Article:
WASHINGTON (BP)–The U.S. Commission on International Religious Freedom has called on the United States and the United Nations to mount an international effort to hold the Burmese military regime accountable for its violent crackdown on peaceful demonstrations.
The bipartisan commission’s Oct. 4 written request urged the U.S. government to take the lead by working for condemnation by the U.N. Security Council and Burma’s neighbors of the junta’s deadly suppression of dissent. Burma also is known as Myanmar.
The call by USCIRF came after the regime put down protests in late September by killing some protesters and jailing others. The junta reported 10 deaths among dissenters, but opposing groups estimated a toll of as many as 200, plus about 6,000 arrests, according to the Associated Press. The confrontation began in mid-August when citizens began protesting against a rise in fuel prices, but it intensified when thousands of Buddhist monks joined the demonstrations against the junta.
The military junta released 229 people arrested during the protests, mostly Buddhist monks and nuns, news services reported Oct. 3. Authorities interrogated the prisoners day and night, one of the freed monks said, but they were not subjected to torture, although many reportedly were beaten during the arrests.
Richard Land, USCIRF’s vice chairman and president of the Southern Baptist Ethics & Religious Liberty Commission, urged Americans and others to stand with the Burmese people.
“As a member of USCIRF and as an American and a Baptist who believes in soul freedom, I believe it is incumbent on all freedom-loving people to speak out in support of Burmese citizens who are struggling so courageously and speaking out so heroically for the basic freedoms that we so often take for granted,” Land said.
The State Department has included Burma on its list of “countries of particular concern” (CPC) ever since it began issuing an annual report on international religious freedom in 1999. In May, USCIRF urged the State Department to retain Burma as a CPC, a category reserved for governments that have “engaged in or tolerated systemic and egregious violations of religious freedom.” The State Department has yet to release its CPC list this year.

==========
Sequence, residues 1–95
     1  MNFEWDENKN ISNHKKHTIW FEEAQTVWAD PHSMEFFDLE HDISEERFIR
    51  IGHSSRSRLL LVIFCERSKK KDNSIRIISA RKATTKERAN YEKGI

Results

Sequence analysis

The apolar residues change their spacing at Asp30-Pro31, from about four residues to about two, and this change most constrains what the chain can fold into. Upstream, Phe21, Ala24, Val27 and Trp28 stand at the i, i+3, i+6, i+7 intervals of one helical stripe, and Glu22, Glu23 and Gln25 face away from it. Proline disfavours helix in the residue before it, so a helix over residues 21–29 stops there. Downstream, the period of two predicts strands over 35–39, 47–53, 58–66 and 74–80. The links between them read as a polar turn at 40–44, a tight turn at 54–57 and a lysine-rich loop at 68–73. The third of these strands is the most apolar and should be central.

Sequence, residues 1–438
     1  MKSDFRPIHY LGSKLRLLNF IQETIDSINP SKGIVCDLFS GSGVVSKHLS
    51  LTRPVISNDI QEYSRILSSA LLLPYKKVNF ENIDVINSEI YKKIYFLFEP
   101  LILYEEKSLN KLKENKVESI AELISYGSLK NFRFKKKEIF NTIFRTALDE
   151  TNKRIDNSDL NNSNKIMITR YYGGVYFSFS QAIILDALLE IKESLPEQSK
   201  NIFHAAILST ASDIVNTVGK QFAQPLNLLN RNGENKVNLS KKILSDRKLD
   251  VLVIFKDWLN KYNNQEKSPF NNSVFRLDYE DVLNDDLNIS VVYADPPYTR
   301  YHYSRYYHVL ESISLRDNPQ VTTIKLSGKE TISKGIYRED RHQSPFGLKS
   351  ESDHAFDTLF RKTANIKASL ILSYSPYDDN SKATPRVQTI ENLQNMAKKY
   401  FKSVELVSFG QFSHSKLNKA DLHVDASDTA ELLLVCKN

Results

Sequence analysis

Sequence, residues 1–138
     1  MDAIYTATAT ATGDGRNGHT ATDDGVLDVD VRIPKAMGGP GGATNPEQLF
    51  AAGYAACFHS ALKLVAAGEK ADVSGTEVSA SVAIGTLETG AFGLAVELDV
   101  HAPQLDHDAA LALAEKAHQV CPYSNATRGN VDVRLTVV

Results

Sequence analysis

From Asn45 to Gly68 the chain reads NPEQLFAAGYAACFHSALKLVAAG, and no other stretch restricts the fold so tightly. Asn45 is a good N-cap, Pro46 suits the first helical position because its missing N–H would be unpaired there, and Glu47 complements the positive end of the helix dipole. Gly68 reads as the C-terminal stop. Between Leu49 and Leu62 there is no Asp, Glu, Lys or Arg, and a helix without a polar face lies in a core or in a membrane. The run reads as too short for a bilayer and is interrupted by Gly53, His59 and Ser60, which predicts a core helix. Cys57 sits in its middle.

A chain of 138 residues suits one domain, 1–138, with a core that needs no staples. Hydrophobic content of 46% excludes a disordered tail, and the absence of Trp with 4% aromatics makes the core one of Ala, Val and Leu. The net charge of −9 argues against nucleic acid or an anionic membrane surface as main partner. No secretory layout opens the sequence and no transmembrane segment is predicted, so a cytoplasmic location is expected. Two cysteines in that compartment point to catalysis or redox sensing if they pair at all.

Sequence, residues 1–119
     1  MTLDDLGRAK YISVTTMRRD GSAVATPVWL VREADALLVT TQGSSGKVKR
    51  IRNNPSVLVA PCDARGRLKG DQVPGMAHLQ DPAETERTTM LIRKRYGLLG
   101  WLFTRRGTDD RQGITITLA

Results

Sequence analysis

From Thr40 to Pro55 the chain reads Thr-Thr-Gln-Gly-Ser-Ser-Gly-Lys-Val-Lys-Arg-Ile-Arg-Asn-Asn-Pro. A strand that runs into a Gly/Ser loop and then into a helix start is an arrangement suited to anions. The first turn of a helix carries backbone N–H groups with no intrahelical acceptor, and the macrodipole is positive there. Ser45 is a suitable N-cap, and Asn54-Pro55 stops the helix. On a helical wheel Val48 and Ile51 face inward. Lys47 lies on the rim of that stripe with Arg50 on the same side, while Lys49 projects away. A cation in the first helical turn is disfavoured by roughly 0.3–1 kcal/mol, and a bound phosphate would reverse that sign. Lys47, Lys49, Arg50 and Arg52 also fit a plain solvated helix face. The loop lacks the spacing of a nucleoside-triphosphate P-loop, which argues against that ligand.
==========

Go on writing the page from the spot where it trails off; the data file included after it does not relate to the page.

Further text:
The regime promotes Buddhism but also works to control it, jailing monks who have opposed the junta’s policies, according to USCIRF. The government also suppresses ethnic Christians and Muslims, USCIRF has reported.
The Bush administration has decried the Burmese junta’s violent actions and issued new sanctions against the regime, but USCIRF urged it to do more. Among actions the commission called for Oct. 4 were:
— a U.S.-led effort in the U.N. Security Council to condemn Burma’s actions, although it acknowledged China, Russia and South Africa have been unwilling to do so in the past.
— a U.S.-prompted coalition of Asian democracies -– such as India, Japan, the Philippines and South Korea –- to demonstrate to Burma what it must do to have “economic and political sanctions” lifted.
— a U.N.-established mission to monitor human rights in Burma.
— an independent investigation, called for by the United States, to discover what has happened to the thousands of demonstrators whose whereabouts are unknown.
USCIRF recommended it be allowed to conduct such an investigation, since members and staff of the commission already have a trip planned in two weeks to Southeast Asia.
“The decision to fire upon peaceful demonstrators and to kill and jail Buddhist monks shows the Burmese military’s complete contempt for the most basic human rights,” USCIRF Chairman Michael Cromartie said in the written release.
“Building a coalition of democracies that includes our closest allies in Asia will be a powerful voice for change over stability,” said Cromartie, vice president of the Washington-based Ethics and Public Policy Center. “Moreover, by building such a coalition to address government acts of violence in Burma, we will help move our allies toward strategies that strengthen the prospect for continued democratization, the protection of religious freedom and the adoption of the rule of law across the entire region.”
USCIRF was established in 1998 to advise the White House and Congress on global religious freedom issues. The president selects three members of the panel, while congressional leaders name the other six. The State Department’s ambassador at large for international religious freedom serves as a non-voting member of the panel.
Two weeks before the recent anti-government protests –- Burma’s largest protest since the army brutally crushed a 1988 student-led democracy uprising — Christians in at least 13 countries in four continents prayed and fasted for the country and its embattled believers.
The intercession for Myanmar, led by Christian Solidarity Worldwide (CSW) and Burma Campaign UK, began Sept. 9, according to Mission Network News.
“The government is uncomfortable with the growth of the church because Christians are reaching out and being effective,” said Todd Nettleton of Voice of the Martyrs. “We can pray that that will continue. And we can pray for their protection.”
Based on reporting by Tom Strode, Washington bureau chief for Baptist Press, and Mark Kelly, a freelance writer based in Gallatin, Tenn.